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What men and women will spend their money on this Valentine’s Day

Reuters/Mian Khursheed
Some go all out.
Published This article is more than 2 years old.

As restaurant managers and florists preparing for one of the busiest days of the year know, Valentine’s Day is a huge and growing business.

Americans will spend $18.9 billion on flowers, chocolates, restaurant meals, and even ”anti-Valentine’s Day” gifts like ”Valentine’s Day is for suckers” t-shirts and “heartbreakers and hell raisers” mugs, according to the National Retail Foundation, which surveyed 6,357 adults about their Feb. 14 plans. (For those who don’t plan to drop a wad of cash: Saying “I love you” is free.)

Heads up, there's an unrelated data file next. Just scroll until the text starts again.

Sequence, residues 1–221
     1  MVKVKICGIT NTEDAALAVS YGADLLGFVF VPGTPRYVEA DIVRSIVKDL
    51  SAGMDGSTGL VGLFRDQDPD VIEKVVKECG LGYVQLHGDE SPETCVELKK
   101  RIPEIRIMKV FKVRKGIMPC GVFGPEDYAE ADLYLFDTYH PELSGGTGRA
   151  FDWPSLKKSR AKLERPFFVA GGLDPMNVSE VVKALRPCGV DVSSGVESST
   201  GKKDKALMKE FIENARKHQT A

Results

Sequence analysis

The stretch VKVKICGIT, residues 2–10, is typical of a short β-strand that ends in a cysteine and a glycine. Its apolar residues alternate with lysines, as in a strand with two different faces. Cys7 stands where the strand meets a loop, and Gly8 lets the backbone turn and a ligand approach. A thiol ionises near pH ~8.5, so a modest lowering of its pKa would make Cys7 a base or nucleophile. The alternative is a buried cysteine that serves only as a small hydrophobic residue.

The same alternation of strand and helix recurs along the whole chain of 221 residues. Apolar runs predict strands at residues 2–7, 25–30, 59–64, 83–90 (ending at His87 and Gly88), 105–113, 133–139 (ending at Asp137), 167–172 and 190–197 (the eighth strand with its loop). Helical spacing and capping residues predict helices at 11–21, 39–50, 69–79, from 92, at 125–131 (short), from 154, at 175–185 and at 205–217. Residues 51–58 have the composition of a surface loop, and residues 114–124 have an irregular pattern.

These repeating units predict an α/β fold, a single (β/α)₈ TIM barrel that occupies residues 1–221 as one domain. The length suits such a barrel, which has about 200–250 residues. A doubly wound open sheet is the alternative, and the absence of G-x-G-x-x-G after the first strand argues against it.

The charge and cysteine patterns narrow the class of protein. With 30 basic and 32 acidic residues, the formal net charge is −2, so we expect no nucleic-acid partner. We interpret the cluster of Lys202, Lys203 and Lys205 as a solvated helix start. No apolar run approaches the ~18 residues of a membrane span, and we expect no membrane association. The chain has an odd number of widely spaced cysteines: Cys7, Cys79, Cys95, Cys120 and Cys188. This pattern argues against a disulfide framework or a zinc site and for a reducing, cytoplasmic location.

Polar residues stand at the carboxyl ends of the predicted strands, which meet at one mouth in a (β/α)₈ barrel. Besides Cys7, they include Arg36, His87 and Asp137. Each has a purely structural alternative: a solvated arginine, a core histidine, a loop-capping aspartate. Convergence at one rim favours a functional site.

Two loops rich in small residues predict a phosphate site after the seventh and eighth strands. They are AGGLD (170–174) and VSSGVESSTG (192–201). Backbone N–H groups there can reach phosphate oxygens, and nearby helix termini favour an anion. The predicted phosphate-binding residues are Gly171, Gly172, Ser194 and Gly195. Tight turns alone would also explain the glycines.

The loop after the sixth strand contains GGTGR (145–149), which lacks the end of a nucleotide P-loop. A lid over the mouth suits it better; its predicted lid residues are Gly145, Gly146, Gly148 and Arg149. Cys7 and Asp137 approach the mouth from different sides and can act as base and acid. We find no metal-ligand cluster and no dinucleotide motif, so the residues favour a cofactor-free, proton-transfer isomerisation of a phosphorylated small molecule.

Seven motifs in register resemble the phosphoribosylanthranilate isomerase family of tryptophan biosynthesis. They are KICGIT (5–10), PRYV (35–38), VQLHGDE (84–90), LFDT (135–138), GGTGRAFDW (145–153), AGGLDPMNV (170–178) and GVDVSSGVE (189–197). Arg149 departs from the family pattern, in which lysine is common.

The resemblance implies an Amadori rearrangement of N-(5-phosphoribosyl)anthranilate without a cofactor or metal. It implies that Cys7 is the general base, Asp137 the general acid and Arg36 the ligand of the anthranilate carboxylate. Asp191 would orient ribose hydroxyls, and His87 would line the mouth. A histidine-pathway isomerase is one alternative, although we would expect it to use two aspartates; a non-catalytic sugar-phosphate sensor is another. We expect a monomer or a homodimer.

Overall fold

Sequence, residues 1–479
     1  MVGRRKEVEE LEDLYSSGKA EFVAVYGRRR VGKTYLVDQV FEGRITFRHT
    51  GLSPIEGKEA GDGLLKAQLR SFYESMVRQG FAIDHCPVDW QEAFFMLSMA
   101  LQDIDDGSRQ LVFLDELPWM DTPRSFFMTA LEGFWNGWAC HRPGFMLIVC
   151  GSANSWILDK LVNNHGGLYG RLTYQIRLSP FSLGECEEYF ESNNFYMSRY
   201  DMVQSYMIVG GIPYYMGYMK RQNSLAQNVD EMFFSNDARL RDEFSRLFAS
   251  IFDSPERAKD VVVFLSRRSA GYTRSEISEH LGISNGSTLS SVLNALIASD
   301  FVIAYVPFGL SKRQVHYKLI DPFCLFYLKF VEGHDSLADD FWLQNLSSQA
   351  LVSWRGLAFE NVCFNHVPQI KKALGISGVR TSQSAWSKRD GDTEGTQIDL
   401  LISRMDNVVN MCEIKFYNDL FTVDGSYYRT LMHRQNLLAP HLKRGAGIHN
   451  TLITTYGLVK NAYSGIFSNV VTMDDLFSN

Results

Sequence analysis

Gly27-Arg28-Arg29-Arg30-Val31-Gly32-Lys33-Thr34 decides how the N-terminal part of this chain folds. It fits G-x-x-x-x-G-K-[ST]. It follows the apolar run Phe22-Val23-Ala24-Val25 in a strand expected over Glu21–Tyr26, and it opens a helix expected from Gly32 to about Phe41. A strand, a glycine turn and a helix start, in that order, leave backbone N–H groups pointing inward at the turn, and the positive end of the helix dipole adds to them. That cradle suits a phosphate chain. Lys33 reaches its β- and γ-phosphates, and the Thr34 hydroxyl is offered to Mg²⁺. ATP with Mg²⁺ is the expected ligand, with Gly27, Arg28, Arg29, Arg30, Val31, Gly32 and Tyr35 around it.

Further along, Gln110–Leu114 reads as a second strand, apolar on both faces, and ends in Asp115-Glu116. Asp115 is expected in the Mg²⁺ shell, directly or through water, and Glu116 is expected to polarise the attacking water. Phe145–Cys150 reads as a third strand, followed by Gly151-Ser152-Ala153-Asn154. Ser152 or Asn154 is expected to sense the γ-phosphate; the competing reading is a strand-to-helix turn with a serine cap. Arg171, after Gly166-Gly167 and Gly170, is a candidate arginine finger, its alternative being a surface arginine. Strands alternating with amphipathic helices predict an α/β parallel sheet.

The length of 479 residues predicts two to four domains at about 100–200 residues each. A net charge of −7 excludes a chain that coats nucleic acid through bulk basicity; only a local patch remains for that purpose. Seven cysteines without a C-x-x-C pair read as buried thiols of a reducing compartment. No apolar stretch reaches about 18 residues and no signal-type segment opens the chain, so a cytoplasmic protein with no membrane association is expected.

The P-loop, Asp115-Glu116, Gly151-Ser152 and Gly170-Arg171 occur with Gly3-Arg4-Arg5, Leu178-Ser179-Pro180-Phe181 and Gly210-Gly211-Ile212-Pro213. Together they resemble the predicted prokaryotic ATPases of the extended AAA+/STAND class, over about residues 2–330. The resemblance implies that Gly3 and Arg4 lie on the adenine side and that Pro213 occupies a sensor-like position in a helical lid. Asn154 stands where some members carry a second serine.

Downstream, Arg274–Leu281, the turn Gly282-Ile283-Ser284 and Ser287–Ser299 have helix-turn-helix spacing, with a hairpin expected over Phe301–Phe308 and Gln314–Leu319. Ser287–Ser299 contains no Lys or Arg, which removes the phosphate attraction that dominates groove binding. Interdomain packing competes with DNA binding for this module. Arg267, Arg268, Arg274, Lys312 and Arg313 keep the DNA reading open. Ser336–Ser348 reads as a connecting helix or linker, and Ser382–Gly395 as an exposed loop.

In general, men planned to spend about $124 on a spouse or significant other, while women planned to spend only $54. (That’s in line with the results of Business Insider’s Valentine’s Day survey, in which respondents said they’d spend between $26 and $159.)

Here are some insights from the NRF’s survey into what men and women say they will spend money on this Valentine’s Day:

Men spend a lot more

But women spread the Valentine’s love to a broader range of people

Women are more likely to pick up a gift at the discount store

A lot more men give flowers, but more women give candy and cards

Men spend five times as much on jewelry than women

Those who aren’t celebrating mostly tune the whole thing out

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